Conclusory allegations will not create a genuine issue of material fact necessitating trial. Dobson v. City & Cty. of Denver, 81 F.Supp.2d 1080, 1083 (D. Colo. 1999). Cf Nichols v. Hurley, 921 F.2d 1101, 1113 (10th Cir. 1990) (acknowledging "conclusory allegations without specific supporting facts have no probative value"). Evidence that is not significantly probative and immaterial factual disputes will not defeat a motion for summary judgment. Ayon v. Gourley, 47 F.Supp.2d 1246, 1252 (D. Colo. 1998). The demonstration of "some metaphysical doubt as to the material facts" is not sufficient to establish a genuine issue of material fact. Foreman v. Richmond Police Dep't, 104 F.3d 950, 957 (7th Cir. 1997). "The very purpose of a summary judgment action is to determine whether trial is necessary." White v. York lull Corp., 45 F.3d 357, 360 (10th Cir. 1995). In short, this court must determine whether the non-moving party has come forward with specific facts to overcome the moving party's motion in whole or in part.


         I. Mootness

         In their Reply, Defendants allege that in February 2016, the November 2012 policy was "significantly changed" and the definition of nudity was amended in an effort to remedy some of the strict interpretations that occurred under the previous language. Doc. 167 at 40. Defendants allege that the CDOC has "taken specific actions to right the unintended over-censorship that occurred under the prior definitions of nudity." Id. at 41. They argue, therefore, that Plaintiffs" facial challenge is moot. The court is not persuaded.

         It is well established that a defendant's "voluntary cessation of a challenged practice" moots an action only if "subsequent events made it absolutely clear that the allegedly wrongful behavior could not reasonably be expected to recur." Friends of the Earth, Inc. v. Laidlaw Envtl. Servs., Inc., 528 U.S. 167, 189 (2000); see Knox v. Serv. Emps. Int'l Union, Local 1000, 567 U.S. 298, 307 (2012) ("The voluntary cessation of challenged conduct does not ordinarily render a case moot because a dismissal for mootness would permit a resumption of the challenged conduct as soon as the case is dismissed.") United States v. W.T. Grant Co., 345 U.S. 629, 632 (1953) ("voluntary cessation of allegedly illegal conduct does not deprive the tribunal of power to hear and determine the case, i.e., does not make the case moot"). "The 'heavy burden of persua[ding]' the court that the challenged conduct cannot reasonably be expected to start up again lies with the party asserting mootness." Friends of the Earth, 528 U.S. at 189 (quoting United States v. Concentrated Phosphate Exp. Ass'n, 393 U.S. 199, 203 (1968)).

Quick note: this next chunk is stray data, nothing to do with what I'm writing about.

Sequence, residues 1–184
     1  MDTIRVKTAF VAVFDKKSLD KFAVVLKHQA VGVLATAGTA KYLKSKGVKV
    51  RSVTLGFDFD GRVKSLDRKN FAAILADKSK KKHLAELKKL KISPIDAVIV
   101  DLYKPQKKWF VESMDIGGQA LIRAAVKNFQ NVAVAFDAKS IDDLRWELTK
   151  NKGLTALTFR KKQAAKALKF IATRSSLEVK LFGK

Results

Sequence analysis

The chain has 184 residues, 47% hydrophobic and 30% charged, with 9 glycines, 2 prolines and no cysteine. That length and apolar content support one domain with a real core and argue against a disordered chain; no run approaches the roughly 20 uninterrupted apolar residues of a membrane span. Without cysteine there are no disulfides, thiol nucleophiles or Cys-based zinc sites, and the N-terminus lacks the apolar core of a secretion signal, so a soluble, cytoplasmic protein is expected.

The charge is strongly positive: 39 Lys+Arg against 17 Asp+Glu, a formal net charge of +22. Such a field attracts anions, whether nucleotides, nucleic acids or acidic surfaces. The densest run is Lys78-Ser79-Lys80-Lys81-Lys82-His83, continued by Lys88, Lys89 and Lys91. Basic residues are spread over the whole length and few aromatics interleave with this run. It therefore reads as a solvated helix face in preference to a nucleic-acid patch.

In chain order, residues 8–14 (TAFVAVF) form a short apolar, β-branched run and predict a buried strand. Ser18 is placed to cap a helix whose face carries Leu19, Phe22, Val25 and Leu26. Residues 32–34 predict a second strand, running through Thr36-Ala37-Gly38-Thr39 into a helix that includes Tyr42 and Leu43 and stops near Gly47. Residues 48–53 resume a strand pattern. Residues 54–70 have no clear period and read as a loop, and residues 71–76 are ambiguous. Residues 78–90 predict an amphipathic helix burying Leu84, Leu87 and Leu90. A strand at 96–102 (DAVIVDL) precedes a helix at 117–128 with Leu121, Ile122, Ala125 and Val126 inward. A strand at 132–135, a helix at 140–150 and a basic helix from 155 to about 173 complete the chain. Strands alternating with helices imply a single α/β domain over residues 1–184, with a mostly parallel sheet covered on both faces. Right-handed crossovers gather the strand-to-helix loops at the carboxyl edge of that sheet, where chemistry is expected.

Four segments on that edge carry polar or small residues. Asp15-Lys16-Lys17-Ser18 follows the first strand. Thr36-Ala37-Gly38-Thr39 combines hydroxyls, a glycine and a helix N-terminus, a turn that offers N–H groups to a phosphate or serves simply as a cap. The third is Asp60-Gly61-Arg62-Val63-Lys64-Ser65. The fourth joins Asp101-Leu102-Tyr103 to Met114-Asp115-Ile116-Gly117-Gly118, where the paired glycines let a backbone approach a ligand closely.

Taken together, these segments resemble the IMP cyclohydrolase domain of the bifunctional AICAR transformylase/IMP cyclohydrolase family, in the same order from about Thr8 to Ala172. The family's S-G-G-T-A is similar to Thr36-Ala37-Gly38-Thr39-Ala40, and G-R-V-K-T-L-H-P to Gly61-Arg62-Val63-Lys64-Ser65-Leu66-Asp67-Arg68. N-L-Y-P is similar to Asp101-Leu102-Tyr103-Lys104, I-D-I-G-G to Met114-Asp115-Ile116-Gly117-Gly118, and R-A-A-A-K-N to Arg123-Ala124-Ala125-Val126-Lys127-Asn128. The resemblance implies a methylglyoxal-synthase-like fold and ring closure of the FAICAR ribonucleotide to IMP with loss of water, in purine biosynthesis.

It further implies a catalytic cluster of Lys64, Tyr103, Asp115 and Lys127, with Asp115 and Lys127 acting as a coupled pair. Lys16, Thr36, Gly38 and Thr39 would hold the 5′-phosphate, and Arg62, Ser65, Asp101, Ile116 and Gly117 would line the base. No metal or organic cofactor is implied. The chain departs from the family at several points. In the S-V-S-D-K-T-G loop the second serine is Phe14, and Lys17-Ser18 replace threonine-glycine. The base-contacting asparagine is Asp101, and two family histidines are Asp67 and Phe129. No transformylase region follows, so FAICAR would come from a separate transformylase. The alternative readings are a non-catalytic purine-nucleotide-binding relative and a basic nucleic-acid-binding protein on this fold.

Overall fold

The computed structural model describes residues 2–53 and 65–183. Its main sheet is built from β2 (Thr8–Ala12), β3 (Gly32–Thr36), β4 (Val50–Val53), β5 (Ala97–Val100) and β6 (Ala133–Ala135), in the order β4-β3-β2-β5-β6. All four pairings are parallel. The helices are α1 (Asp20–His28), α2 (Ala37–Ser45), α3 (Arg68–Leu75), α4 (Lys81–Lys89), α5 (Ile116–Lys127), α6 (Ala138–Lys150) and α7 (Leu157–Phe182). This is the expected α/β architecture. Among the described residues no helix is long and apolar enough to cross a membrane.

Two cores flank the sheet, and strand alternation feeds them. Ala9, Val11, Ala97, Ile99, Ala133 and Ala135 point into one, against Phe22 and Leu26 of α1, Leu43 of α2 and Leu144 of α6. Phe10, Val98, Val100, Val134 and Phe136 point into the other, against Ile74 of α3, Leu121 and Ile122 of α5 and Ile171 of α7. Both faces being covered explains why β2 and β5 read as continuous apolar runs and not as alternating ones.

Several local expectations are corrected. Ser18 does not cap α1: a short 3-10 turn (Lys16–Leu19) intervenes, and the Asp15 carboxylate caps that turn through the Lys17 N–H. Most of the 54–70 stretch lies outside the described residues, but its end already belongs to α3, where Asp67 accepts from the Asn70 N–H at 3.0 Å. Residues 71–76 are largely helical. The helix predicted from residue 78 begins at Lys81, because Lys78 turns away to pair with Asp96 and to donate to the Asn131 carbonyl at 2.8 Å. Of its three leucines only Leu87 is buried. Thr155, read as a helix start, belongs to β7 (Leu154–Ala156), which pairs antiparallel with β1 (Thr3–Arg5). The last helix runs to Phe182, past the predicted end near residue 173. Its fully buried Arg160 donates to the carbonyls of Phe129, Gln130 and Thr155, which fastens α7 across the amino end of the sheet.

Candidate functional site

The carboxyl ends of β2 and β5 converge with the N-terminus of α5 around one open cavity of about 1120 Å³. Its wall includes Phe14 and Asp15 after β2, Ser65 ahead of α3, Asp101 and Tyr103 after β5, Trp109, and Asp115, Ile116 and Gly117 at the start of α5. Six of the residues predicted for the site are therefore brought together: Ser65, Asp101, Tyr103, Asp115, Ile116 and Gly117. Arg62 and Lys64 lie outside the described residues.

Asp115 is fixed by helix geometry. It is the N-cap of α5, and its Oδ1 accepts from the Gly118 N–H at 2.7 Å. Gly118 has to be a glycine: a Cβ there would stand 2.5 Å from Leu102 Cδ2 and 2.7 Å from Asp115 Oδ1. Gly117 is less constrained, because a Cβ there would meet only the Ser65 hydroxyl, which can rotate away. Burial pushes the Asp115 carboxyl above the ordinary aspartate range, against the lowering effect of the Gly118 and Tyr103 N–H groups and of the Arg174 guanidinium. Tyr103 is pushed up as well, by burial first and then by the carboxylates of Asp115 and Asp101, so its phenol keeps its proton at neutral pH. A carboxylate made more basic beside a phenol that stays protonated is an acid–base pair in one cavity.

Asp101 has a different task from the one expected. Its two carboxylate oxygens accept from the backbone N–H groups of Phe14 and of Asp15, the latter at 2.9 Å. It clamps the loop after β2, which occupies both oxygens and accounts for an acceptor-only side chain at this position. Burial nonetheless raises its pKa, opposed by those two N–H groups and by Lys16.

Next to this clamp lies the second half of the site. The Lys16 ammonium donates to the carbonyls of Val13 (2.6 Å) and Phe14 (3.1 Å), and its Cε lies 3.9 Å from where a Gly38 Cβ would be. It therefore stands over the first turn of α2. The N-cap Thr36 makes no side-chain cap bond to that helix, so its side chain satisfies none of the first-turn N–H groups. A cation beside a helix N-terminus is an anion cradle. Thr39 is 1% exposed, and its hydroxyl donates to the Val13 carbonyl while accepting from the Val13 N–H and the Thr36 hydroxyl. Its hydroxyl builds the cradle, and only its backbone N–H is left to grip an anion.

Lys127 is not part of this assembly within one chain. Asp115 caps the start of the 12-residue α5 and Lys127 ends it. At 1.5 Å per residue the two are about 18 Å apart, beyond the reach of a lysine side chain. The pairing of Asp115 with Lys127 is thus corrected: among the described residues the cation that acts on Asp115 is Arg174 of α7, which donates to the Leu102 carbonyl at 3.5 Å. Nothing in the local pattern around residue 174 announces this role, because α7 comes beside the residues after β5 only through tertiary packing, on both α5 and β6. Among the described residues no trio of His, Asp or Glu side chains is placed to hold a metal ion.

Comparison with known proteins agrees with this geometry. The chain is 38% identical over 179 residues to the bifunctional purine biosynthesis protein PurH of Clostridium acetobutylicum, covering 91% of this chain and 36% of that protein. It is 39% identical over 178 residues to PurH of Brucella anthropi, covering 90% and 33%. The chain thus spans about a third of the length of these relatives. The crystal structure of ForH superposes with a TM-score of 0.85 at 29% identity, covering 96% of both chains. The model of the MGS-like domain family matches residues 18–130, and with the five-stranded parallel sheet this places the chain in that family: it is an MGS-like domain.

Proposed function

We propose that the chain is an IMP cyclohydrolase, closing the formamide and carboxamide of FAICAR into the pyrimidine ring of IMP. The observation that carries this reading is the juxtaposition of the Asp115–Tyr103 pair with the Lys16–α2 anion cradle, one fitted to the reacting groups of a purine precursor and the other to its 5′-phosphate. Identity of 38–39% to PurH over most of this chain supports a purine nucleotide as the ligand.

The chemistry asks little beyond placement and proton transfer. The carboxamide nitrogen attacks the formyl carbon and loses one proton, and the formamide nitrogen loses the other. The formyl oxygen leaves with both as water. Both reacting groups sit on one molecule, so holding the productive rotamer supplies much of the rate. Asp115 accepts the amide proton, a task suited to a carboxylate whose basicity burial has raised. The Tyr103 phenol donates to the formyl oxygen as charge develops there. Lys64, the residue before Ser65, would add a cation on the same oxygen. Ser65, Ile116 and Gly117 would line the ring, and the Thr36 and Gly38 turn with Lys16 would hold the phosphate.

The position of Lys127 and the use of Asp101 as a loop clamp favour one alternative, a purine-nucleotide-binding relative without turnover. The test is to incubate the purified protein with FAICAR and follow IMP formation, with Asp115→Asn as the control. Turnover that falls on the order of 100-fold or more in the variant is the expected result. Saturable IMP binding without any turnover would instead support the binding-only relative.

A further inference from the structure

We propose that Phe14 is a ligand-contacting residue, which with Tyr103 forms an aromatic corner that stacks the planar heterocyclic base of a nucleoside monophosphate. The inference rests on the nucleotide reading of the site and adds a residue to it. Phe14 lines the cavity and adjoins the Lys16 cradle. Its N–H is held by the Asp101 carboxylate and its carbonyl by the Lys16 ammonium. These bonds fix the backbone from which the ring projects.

Here, the Defendants have not conceded that the challenged versions of the policy violated the First Amendment. See Doc. 167 at 41-42. Nor has any Defendant submitted any affidavit or otherwise stating that the prior policies were constitutionally suspect and, therefore. will never be re-implemented by the CDOC. Rather, the evidence submitted with Defendants" Reply indicates that the changes were made for clarification purposes. Doc. 167-1 at 10-11. Defendants have not pointed to any legal or practical barrier to their reinstatement of the previous versions of the policy, and "they have failed to even offer a bald conclusory pledge not to return to such policies." Prison Legal News v. Stolle, No. 2;l3cv424, 2015 WL 1487190, at *4 (E.D. Va. July 8, 2016); see also Young v. Raemisch, No 13-cv-01744-RPM, 2015 WL 4607679, at *1 (D. Colo. Aug. 3, 2015) (rejecting Defendants argument regarding mootness where there was "nothing to assure [the court] that the officials responsible for the mail policy recognize the need to consider the First Amendment").

         Consequently, the court concludes that Defendants have not met their burden in this regard and will proceed to consider the merits of Plaintiffs' facial claims.

         II. Facial Claims

         The Defendants contend that they are entitled to judgment on Plaintiffs' First Amendment claim because the June and November 2012 policies are facially constitutional under the test articulated in Turner v. Safley, 482 U.S. 78, 89 (1987). Doc. 148 at 21-27. In addition, Defendants contend that the regulation's censorship procedures adequately protect prisoners' interests under the Due Process clause. The court agrees with Defendants in part.